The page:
It is important to document everything from the analysis of the original project plan and the new goals and objectives to the technical specifications and change management strategy. By creating organised and accessible documentation, teams can effectively track progress, identify potential issues, and ensure continuity in the event of staff changes. Proper documentation can aid in compliance with regulatory requirements and simplify future maintenance and scaling efforts.

4. Create a change management strategy

Change management helps to ensure the successful adoption of new technologies and processes by addressing the human aspect of change. A successful change management strategy should include clear communication of the benefits and goals of the RPA project, as well as providing adequate training and support for team members throughout the transition. It should also involve managing resistance to change by addressing concerns and fostering a culture of collaboration and continuous improvement.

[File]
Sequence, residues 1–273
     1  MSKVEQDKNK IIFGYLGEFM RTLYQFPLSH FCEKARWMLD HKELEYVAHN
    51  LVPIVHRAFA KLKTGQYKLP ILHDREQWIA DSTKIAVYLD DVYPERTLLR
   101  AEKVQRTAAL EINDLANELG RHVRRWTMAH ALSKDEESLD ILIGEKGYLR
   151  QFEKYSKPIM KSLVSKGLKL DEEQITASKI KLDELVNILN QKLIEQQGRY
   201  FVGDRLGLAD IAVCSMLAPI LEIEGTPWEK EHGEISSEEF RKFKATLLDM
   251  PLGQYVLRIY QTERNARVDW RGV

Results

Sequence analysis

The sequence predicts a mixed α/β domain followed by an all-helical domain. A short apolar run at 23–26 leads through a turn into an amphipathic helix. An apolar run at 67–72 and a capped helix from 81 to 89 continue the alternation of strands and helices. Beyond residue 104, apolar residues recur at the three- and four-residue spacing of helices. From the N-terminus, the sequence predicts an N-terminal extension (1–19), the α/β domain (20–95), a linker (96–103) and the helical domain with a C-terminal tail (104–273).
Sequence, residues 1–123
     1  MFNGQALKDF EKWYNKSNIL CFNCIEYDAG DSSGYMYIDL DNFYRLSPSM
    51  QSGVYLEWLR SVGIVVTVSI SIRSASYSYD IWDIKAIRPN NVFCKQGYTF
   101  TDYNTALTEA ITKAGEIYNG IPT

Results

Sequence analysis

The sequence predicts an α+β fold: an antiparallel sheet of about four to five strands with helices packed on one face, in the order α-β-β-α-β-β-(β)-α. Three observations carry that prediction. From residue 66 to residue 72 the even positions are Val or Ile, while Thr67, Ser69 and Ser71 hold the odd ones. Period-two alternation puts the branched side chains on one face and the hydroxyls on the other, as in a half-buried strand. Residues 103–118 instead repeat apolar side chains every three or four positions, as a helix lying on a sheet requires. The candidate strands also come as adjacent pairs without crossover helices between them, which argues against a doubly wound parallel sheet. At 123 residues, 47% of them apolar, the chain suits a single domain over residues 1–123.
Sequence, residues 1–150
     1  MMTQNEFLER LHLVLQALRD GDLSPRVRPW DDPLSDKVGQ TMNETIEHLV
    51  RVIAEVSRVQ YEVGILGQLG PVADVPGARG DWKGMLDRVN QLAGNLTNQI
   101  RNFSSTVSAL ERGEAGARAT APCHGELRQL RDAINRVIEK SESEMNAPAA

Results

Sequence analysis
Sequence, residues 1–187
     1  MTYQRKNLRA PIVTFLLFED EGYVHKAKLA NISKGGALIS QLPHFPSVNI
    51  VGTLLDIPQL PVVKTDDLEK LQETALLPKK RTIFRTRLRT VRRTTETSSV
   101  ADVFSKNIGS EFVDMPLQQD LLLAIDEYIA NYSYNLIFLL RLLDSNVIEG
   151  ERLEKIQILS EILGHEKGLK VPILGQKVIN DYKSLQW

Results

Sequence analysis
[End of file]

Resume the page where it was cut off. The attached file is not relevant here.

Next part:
By defining the roles and responsibilities of stakeholders, setting timelines for implementation, and establishing milestones to track progress, tech leaders and managers can create an environment where team members are engaged and committed to the success of the RPA initiative. This ultimately leads to more effective adoption of automation solutions and better long-term results.

visual representation of an rpa bot mimicking a human process

5. Ensure you’ve selected the right automation platform

It’s now time to evaluate your automation platform and discern an important factor of your failed initiative: is your platform unsuitable for your objectives, or was it simply not utilised correctly?